Entries linking to appliance
late 14c., "join or combine (with); attach (to something), adhere," from Old French aploiier "apply, use, attach" (12c., Modern French appliquer), from Latin applicare "attach to, join, connect;" figuratively, "devote (oneself) to, give attention," from ad "to" (see ad-) + plicare "fold" (from PIE root *plek- "to plait").
The etymological sense is "bring things in contact with one another." In English, from c. 1400 as "use or employ" something for a certain purpose." From early 15c. in reference to lotions, plasters, etc., "place in contact with the body," also, of one's mental powers or faculties, "put to work at a task or pursuit." The meaning "seek a job by submitting an application for one" is from 1851. A by-form applicate is recorded from 1530s. Related: Applied; applying.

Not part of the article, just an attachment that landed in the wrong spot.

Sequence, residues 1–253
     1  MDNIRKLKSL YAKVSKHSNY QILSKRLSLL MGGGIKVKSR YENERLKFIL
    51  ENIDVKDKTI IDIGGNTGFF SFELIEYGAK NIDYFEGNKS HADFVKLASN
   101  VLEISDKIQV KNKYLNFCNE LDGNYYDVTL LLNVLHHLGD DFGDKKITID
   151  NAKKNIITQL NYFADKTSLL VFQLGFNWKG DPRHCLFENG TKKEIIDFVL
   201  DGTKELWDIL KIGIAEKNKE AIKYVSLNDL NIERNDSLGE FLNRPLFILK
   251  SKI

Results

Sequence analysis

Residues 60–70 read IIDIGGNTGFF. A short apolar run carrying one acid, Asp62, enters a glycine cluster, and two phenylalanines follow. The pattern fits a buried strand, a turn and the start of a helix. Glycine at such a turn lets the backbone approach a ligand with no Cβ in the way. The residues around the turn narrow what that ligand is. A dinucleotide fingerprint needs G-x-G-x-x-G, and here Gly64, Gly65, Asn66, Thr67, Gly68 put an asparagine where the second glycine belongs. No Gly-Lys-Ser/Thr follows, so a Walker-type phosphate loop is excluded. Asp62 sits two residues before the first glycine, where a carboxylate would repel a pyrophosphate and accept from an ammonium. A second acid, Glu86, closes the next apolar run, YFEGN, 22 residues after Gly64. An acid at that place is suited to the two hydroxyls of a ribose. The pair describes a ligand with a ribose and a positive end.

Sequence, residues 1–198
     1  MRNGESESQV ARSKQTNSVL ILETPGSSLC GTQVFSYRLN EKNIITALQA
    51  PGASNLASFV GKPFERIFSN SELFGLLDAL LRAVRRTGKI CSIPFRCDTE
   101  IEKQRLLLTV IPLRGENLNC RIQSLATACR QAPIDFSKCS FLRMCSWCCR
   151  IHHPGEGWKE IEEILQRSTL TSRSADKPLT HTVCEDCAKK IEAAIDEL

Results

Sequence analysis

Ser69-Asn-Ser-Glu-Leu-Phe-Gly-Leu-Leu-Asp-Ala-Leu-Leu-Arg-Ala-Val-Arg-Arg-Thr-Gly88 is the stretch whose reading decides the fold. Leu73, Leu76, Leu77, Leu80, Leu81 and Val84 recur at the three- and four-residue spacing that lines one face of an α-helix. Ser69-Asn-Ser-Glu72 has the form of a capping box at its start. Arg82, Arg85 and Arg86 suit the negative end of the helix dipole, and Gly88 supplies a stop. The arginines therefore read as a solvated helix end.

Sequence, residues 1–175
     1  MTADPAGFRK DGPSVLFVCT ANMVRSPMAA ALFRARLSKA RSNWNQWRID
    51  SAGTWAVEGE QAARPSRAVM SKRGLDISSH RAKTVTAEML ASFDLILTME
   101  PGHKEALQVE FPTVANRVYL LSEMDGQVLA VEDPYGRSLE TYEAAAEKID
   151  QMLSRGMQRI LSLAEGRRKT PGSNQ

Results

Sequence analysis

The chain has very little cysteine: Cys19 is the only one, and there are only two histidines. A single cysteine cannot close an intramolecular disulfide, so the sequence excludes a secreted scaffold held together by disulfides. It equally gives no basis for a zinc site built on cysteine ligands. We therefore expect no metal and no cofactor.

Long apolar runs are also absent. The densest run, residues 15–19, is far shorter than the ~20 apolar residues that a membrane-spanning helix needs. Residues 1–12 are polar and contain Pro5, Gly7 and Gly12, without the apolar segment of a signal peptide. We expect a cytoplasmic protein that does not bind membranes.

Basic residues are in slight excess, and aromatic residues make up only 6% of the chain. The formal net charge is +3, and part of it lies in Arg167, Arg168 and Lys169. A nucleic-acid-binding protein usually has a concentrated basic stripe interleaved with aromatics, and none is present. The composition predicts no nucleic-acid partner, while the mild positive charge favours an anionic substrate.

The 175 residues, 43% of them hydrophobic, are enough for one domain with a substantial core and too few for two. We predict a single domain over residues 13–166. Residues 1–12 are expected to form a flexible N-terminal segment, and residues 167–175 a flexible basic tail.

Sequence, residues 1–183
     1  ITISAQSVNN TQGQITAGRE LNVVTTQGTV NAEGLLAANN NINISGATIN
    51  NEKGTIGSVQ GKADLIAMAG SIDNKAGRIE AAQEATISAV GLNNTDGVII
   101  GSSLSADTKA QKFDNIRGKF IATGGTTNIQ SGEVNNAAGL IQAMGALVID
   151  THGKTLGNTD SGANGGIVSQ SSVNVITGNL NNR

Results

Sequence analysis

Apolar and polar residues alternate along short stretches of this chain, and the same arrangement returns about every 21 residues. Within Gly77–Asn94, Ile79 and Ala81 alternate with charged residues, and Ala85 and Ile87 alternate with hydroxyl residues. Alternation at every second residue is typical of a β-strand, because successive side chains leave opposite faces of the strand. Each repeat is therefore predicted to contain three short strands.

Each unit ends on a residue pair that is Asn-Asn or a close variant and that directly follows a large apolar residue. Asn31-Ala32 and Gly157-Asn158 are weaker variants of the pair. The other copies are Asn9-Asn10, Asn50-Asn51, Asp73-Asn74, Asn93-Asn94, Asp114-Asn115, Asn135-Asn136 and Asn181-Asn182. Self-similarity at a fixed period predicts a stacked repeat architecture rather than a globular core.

word-forming element attached to verbs to form abstract nouns of process or fact (convergence from converge), or of state or quality (absence from absent); ultimately from Latin -antia and -entia, which depended on the vowel in the stem word, from PIE *-nt-, adjectival suffix.
Latin present-participle endings for verbs stems in -a- were distinguished from those in -i- and -e-. Hence Modern English protestant, opponent, obedient from Latin protestare, opponere, obedire.
As Old French evolved from Latin, these were leveled to -ance, but later French borrowings from Latin (some of them subsequently passed to English) used the appropriate Latin form of the ending, as did words borrowed by English directly from Latin (diligence,absence).
English thus inherited a confused mass of words from French (crescent/croissant), and further confused it since c. 1500 by restoring -ence selectively in some forms of these words to conform with Latin. Thus dependant, but independence, etc.
updated on September 23, 2022